GENEVA / OTTAWA (12 April 2019) – Canada must make urgent systemic change to ensure people with disabilities can enjoy all their human rights, says a UN rights expert at the end of a fact-finding visit to the country.
“I recognise the determination of the Government to improve the situation of people with disabilities. However, I have noticed significant shortcomings in the way the federal, provincial and territorial governments implement the rights of persons with disabilities,” said Catalina Devandas, the UN Special Rapporteur on the rights of persons with disabilities, presenting a
statement at the end of a 10-day visit.
“In many cases they have to initiate lengthy and onerous legal procedures to get their rights recognised.”
The Special Rapporteur welcomed the new Canadian Accessibility Bill and encouraged all provinces and territories to follow suit. “There is a need for more leadership from the federal, provincial and territorial authorities and coherent cooperation in advancing the rights of persons with disabilities in all areas,” Devandas said.
The UN expert stressed the importance of following a human rights-based approach when federal, policy and territorial governments adopted legislation and policies.
“I am deeply concerned that many people with disabilities are presented with no other choice except placement in residential institutions, like nursing homes and group homes,” she said.
“Canada must break with these segregated approaches and move to inclusive policies that provide the support necessary for living independently in the community as a human right, not merely as a social assistance programme.”
The expert emphasised that change and better results were possible, adding: “I was extremely pleased to learn about the fully inclusive education model of New Brunswick, a role model for the world, where all children with disabilities attend regular schools and receive individual and multidisciplinary support to achieve their highest potential.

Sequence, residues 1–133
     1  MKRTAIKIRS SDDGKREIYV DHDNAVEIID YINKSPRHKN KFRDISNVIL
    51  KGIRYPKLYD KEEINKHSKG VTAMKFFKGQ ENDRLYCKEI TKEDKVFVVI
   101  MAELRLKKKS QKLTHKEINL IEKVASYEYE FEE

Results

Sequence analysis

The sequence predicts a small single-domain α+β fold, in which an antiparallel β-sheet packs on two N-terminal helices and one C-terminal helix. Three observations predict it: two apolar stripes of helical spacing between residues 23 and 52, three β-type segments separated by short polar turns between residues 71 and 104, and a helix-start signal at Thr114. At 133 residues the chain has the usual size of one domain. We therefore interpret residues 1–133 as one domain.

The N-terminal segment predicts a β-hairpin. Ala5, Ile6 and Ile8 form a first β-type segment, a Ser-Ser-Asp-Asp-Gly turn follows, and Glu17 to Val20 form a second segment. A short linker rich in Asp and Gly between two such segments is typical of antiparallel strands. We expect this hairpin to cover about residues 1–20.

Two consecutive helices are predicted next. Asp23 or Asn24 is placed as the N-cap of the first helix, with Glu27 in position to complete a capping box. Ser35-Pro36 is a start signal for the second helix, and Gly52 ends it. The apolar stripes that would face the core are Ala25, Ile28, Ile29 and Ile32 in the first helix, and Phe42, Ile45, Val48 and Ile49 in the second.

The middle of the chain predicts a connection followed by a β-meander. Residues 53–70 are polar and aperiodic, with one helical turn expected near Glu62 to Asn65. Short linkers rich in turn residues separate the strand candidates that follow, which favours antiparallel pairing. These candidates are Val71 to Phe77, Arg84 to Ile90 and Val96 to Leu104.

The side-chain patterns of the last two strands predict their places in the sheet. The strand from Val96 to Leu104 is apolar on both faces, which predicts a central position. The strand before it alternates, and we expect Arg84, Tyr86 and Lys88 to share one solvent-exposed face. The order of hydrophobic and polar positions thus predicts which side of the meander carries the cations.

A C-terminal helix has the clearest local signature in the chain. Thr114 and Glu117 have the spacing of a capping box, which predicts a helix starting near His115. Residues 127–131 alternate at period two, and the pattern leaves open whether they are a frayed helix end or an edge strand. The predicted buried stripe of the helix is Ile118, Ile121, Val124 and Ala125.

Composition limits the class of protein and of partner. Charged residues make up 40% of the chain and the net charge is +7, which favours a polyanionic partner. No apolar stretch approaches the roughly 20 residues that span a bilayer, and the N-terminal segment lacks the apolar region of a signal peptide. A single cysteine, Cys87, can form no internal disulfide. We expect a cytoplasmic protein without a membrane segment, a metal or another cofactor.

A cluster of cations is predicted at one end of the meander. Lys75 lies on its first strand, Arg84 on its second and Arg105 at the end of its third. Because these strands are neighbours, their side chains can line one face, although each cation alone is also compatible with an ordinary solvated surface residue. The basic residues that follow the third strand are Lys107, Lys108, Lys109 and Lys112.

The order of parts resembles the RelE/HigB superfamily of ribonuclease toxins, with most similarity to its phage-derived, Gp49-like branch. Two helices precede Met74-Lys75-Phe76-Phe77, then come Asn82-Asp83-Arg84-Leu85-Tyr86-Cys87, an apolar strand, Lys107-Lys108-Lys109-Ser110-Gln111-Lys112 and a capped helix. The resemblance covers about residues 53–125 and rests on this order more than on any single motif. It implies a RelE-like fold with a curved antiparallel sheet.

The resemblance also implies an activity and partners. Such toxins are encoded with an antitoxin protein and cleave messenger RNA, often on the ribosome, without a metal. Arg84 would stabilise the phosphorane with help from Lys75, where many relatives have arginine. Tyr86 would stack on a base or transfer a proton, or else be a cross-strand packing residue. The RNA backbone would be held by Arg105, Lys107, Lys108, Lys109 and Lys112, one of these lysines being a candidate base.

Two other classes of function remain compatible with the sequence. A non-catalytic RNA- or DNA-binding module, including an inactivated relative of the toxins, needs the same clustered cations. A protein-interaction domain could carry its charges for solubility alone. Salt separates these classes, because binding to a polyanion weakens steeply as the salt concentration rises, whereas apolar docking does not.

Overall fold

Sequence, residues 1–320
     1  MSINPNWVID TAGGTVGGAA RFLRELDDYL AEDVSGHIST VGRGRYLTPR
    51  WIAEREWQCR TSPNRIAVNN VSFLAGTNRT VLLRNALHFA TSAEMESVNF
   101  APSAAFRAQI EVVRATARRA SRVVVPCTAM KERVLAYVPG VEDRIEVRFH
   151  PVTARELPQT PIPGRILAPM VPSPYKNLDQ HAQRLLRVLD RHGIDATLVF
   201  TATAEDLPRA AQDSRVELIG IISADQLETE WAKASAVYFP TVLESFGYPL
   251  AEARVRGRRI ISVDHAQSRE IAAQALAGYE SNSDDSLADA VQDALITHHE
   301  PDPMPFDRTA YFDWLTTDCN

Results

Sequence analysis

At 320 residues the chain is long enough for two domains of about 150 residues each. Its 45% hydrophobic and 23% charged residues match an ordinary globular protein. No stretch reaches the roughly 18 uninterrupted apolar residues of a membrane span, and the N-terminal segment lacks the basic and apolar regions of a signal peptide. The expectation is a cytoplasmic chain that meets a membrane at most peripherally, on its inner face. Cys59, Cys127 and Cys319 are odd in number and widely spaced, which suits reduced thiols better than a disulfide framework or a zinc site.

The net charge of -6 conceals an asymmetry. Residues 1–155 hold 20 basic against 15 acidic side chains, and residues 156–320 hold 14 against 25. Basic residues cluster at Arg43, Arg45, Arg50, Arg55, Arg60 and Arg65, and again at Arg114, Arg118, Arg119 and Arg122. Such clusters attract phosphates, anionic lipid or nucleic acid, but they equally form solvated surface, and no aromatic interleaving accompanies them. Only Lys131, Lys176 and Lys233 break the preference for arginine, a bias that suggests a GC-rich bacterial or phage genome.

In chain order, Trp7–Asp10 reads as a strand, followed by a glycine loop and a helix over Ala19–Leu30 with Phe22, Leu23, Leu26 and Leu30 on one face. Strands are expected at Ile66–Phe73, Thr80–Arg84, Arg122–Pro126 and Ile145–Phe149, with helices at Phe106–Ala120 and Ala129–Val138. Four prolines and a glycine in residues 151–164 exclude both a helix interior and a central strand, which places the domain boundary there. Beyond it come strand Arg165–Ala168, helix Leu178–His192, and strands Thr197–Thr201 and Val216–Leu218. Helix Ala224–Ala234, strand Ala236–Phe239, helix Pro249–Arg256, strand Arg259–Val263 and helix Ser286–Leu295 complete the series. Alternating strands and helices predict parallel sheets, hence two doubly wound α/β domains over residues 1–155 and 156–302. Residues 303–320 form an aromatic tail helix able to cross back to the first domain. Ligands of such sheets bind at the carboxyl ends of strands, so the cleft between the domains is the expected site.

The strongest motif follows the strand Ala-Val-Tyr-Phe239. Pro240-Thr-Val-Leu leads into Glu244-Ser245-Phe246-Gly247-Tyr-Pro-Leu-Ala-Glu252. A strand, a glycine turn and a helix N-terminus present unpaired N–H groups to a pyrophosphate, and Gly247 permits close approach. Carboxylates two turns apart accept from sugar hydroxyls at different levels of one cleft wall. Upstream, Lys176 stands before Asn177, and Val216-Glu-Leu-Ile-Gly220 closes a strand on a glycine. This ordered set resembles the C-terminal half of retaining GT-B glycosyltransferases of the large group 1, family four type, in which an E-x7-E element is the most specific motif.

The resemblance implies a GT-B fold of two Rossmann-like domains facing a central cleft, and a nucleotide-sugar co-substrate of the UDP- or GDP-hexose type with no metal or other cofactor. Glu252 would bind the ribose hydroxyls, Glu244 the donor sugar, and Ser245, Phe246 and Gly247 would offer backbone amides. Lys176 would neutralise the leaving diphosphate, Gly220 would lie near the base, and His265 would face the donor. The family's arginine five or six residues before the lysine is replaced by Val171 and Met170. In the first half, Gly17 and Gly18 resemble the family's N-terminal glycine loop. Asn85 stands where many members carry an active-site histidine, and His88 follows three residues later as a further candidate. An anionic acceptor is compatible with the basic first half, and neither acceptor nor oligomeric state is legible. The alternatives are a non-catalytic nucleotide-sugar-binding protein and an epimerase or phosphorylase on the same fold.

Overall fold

She noted that Canada has long-standing practices of supporting people with disabilities to make their own decisions instead of restricting their legal capacity. “I believe Canada needs to take a step forward and amend its legal systems to fully implement the right to legal capacity for people with disabilities,” she said.
Devandas also expressed concern about the specific challenges faced by indigenous people with disabilities because of higher rates of poverty, exclusion and discrimination. “Overcoming this structural discrimination is essential to building an inclusive and equal society,” she said.
During her visit, the UN expert travelled to Ottawa, Toronto, Montreal, Fredericton and Halifax, meeting senior Government officials, representatives of independent institutions, people with disabilities, and service providers. She also visited a psychiatric hospital, a segregated institution for people with disabilities and a school with inclusive practices. The UN expert acknowledged the transparency, openness and collaboration of the different governments during her visit.
The UN Special Rapporteur will present a report to the Human Rights Council in March 2020 on the main findings of her visit.
Ms Catalina Devandas-Aguilar (Costa Rica) was designated as the first
Special Rapporteur on the rights of persons with disabilities in June 2014 by the UN Human Rights Council. Ms Devandas Aguilar has worked extensively on disability issues at the national, regional and international level with the Disability Rights Advocacy Fund, the UN unit responsible for the Convention on the Rights of Persons with Disabilities and the World Bank. Her work has focused on the rights of women with disabilities and the rights of indigenous peoples with disabilities.
The Special Rapporteurs are part of what is known as the
Special Procedures of the Human Rights Council. Special Procedures, the largest body of independent experts in the UN Human Rights system, is the general name of the Council’s independent fact-finding and monitoring mechanisms that address either specific country situations or thematic issues in all parts of the world. Special Procedures experts work on a voluntary basis; they are not UN staff and do not receive a salary for their work. They are independent from any government or organization and serve in their individual capacity.
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